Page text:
18. Possibilities of the WHOQOL-bref for health promotion in the family health strategy.

    Science.gov (United States)

    Chiesa, Anna Maria; Fracolli, Lislaine Aparecida; Zoboli, Elma Lourdes Pavone Campos; Maeda, Sayuri Tanaka; Castro, Danielle Freitas Alvim de; Barros, Débora Gomes; Ermel, Regina Célia; Chang, Katherine

    2011-12-01

    By increasing the health promotion actions in the Family Health Strategy it is possible to contribute to implement comprehensive care. Nevertheless, technologies gap still hinder the process of training the professionals to analyze the health potentials of the population. The objective of this study is to synthesize the contributions of the WHOQOL-bref in training professionals regarding the health promotion actions in the Family Health Strategy. A qualitative meta-synthesis was performed based on the research conducted by the group Technological health care models and health promotion using the WHOQOL-bref and its interface with health promotion. The synyhesis of the five studies revealed that there are conceptual relationships between the WHOQOL-bref domains and health promotion, which legitimizes it as a tool for health promotion. Using the WHOQOL-bref can help establish the attachment and continuous care in the Family Health Strategy.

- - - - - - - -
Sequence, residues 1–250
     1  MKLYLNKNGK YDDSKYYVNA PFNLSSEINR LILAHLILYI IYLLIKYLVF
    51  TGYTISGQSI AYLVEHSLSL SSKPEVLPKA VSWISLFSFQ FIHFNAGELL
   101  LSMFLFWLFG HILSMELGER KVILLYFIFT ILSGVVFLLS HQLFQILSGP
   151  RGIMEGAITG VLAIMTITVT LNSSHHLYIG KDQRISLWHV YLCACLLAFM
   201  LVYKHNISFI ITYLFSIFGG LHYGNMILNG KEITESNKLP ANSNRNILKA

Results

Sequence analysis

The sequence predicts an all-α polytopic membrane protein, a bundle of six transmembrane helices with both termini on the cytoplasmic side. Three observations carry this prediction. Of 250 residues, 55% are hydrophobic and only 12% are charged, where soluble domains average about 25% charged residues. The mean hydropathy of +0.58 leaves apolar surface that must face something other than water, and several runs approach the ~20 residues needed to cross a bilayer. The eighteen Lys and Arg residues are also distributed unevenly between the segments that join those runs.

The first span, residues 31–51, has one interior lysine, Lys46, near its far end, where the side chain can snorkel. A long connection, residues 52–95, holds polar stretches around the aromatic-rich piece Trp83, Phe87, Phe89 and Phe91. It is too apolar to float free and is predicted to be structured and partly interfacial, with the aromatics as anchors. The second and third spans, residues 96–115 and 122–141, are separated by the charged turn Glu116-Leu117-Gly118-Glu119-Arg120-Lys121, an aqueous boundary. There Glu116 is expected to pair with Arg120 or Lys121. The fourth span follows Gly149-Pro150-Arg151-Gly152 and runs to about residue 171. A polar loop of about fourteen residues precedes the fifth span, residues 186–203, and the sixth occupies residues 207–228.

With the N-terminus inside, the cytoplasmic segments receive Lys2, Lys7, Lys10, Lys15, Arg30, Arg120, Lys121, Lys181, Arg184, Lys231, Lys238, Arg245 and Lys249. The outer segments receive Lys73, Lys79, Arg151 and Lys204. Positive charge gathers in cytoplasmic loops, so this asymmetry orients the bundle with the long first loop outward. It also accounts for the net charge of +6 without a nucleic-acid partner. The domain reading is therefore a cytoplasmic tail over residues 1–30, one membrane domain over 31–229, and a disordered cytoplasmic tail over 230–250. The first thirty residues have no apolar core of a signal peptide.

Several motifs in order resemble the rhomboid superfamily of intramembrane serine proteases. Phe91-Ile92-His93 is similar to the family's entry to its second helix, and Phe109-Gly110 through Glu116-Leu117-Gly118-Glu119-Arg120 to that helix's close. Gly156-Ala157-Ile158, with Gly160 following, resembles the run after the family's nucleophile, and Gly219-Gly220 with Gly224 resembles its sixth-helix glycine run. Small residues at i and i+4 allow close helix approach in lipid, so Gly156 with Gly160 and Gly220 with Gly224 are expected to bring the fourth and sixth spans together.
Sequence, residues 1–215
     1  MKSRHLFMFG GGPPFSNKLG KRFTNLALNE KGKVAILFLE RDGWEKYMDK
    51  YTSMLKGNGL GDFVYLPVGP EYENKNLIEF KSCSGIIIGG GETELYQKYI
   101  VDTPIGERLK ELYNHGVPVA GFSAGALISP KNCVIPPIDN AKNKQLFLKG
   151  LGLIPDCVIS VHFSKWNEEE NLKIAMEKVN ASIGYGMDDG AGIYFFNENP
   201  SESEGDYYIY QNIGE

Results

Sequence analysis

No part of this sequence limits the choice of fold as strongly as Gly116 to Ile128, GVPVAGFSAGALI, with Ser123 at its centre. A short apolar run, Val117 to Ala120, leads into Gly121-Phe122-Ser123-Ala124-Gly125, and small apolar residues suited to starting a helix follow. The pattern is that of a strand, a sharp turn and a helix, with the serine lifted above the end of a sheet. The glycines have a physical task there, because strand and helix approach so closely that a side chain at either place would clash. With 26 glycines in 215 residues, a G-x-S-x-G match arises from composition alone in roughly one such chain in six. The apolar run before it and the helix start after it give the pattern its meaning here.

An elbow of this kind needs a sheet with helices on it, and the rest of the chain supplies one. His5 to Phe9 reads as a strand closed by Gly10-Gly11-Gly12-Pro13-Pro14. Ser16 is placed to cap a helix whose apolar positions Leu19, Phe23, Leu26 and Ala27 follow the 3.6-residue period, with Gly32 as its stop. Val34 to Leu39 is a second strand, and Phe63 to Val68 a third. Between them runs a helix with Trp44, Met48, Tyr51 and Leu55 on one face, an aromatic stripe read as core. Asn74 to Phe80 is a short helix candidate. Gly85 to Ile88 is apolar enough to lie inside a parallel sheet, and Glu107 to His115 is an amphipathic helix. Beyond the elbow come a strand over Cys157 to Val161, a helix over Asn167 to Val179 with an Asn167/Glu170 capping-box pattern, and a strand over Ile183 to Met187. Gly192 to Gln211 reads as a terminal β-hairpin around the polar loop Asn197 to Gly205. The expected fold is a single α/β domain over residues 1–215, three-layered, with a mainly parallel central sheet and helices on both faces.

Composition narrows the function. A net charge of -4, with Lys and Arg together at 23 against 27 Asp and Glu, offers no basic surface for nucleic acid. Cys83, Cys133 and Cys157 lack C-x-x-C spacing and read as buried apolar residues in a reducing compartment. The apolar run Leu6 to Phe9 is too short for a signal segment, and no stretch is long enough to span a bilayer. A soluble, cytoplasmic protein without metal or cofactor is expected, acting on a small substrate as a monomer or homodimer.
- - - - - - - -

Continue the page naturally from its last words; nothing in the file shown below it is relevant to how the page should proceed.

19. [Economic analysis of health promotion conducted in an enterprise].

    Science.gov (United States)

    Wang, Zhi-chun; Yang, Xue-ying; Kang, Wen-long; Wang, Wen-jing

    2013-12-01